More Than Big-Name Acts, Music Rights Took Center Stage At SXSW

By | March 20, 2018


Where’s Garth? Brooks appeared last year at South by Southwest, but in 2018 the focus was elsewhere. (Photo by Jack Plunkett/Invision/AP)

Last week, the music world descended on Austin, Texas, for the annual tech-and-entertainment fortnight known as South By Southwest. But unlike recent years, talk of music rights — not keynotes by A-list acts, like Garth Brooks last year — ended up at the forefront.

The industry has become transfixed by streaming, which has finally turned a corner with the growth of services like Spotify and Apple Music. Whereas the likes of Bruce Springsteen and Lady Gaga headlined prior iterations of SXSW, this year was highlighted by speeches from YouTube’s Lyor Cohen and Apple’s Eddy Cue. And behind the scenes, much of the action revolved around music rights.

“Catalogues are growing [in value], and that is streaming,” says Matt Smith, CEO of Royalty Exchange. “Everybody can see it, there’s a lot of enthusiasm around Spotify’s IPO. There’s a lot of financial coverage, essentially, of the growth in the music business, finally, after this huge bear market. That’s bringing a lot of people in now.”

Smith’s company serves as a marketplace for sound recording and publishing copyrights for music ranging from Sesame Street tunes to Eminem songs (the latter through its subsidiary, Royalty Flow, which is planning an IPO). Royalty Exchange is agnostic to the boom-and-bust cycle, taking a 15% cut of each deal; the company has been a part of more than 230 transactions worth over $14 million in total during the past two years.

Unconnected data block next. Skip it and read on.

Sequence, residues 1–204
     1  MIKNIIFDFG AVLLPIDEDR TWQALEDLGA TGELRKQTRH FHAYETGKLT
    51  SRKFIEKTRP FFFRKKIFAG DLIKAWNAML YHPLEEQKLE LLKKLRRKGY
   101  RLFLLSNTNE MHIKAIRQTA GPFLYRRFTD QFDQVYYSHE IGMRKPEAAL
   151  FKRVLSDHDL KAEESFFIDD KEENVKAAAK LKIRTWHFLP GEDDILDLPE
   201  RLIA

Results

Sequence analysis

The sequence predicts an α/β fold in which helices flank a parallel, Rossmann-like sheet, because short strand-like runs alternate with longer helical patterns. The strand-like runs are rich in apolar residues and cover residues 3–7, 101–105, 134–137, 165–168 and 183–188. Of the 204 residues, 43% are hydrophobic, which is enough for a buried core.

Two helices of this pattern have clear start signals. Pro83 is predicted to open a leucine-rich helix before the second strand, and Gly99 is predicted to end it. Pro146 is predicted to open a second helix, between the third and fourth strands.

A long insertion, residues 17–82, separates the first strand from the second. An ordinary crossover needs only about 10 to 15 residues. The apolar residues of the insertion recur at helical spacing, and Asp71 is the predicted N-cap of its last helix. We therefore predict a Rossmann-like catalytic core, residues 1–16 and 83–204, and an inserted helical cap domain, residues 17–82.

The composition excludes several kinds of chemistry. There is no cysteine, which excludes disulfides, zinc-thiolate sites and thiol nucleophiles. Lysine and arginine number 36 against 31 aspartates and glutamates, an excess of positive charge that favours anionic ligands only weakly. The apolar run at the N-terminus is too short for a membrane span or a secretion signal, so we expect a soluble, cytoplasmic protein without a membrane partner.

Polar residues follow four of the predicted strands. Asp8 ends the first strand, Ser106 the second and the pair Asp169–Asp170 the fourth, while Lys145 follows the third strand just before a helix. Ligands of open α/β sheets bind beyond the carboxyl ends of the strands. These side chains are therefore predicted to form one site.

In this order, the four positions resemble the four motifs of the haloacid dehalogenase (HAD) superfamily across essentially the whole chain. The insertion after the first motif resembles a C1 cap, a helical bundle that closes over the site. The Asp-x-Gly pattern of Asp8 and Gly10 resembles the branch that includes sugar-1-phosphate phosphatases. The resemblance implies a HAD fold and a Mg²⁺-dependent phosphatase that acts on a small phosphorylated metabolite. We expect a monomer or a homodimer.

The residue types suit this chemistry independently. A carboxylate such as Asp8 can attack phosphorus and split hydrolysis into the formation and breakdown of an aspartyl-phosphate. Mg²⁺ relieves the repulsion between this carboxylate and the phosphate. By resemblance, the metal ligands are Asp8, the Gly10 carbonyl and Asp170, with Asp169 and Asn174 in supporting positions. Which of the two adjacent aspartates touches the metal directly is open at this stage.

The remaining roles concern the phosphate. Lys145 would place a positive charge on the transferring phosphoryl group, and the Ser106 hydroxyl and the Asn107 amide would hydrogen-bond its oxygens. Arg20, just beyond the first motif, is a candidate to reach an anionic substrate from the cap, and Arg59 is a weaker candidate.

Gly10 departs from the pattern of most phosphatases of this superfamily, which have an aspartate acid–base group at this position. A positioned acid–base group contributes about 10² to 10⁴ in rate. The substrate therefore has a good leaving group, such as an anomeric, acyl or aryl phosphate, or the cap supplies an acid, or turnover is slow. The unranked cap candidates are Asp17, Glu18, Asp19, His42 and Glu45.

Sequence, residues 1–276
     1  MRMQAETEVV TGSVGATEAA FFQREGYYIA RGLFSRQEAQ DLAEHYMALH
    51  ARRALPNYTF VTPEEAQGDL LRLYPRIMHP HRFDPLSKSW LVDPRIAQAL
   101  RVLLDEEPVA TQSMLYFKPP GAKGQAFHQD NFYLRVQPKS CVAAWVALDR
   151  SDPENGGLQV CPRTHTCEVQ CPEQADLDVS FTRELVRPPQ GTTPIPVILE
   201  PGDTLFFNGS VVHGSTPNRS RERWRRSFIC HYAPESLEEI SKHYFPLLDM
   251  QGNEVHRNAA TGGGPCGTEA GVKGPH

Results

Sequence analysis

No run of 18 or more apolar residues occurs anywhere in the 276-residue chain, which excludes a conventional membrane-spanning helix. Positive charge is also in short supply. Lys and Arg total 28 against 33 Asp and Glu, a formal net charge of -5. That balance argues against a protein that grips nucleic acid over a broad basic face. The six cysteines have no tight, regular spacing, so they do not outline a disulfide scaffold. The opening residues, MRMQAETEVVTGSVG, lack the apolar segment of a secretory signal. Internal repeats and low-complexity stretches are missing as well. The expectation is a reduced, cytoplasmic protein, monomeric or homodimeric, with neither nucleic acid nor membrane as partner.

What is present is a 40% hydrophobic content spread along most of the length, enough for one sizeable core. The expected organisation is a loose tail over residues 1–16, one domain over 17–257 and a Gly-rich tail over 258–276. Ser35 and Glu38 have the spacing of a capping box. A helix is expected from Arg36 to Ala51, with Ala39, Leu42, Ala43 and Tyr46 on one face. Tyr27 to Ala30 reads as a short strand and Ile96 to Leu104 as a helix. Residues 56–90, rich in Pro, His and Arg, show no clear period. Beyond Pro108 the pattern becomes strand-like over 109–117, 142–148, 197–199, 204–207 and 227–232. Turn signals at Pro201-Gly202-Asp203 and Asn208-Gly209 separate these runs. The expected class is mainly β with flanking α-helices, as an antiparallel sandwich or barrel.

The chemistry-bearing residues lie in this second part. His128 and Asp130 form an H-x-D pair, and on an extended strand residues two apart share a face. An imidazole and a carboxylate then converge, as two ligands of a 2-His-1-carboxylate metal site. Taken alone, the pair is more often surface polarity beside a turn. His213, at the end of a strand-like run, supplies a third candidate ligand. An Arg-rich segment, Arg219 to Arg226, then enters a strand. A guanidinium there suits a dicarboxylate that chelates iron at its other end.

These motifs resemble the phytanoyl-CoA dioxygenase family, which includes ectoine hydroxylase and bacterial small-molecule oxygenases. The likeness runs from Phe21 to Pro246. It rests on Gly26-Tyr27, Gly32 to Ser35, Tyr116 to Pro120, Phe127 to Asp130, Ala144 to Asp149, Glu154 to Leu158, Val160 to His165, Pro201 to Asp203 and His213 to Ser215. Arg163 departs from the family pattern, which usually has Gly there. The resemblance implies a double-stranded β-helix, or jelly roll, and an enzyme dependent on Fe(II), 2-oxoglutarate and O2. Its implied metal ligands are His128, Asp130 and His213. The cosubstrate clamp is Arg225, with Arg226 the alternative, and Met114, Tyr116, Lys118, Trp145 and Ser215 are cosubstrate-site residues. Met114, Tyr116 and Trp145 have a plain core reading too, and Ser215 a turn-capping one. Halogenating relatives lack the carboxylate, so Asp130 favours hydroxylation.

The music rights rush has also attracted big institutional players, a trend on display last week. Winton Group, a data-driven investment management firm with some $30 billion in assets under management, unveiled Music Fund — an algorithm-driven outfit set to buy pieces of catalogues — at SXSW. The idea: give up-and-coming musicians a chance to sell slices of their rights in order to stay independent, rather than selling away everything to a major label.

“Any artist that has music that’s generating royalties could come to us and say, ‘I’m interested in selling X percentage of these tracks,’” says Winton data scientist Thomas Jerde. “And our algorithm would say, ‘Here’s the evaluation, and here’s an offer.’ So you can use that capital to do whatever you want. Invest in your career.”

Winton is especially interested in the long tail of music royalties.

“If you’ve had 10 years of constant $1,000-a-year [payouts], it’s plausible to believe that next year is going to be around that same number,” says Music Fund founder Geoff Cross. “Similarly, you expect that when a track is launched, it’s going to be a big spike, and then it’s going to decay.”

The draw for investors and marketplace operators is clear. But does selling off increasingly valuable assets make sense for artists? Depends who you ask. Proponents of outfits like Music Fund and Royalty Exchange cite the freedom to sell small chunks of a catalogue, sometimes for a term of just a few years, as a great way to free up cash to make new music or plan a tour.

Some musicians remain skeptical, including singer-songwriter Taylor Hanson, who along with his brothers Zac and Isaac plays in the band Hanson, one of the bigger names at SXSW this year.

“In 2018, artists are at risk of offering up their core intellectual property to the lowest bidder, streamer or company acquiring those rights,” he says. “History is repeating itself, just like artists of the early record industry in the ’50s who sold their publishing royalties and then watched those residuals earn millions for publishing houses long after the heyday of album sales. I would say to all artists, large or small, learn from the past and maintain the ownership of your creation; it will always be your future.”

As for South By Southwest, the relative lack of stadium-filling acts this year was in many ways refreshing, returning the confab to its roots as a platform for rising artists to get discovered. But even last year, Brooks offered a clue toward the future.

“I think I’m the bridesmaid,” the country superstar told me. “I think everybody wants to know what Amazon is doing.”

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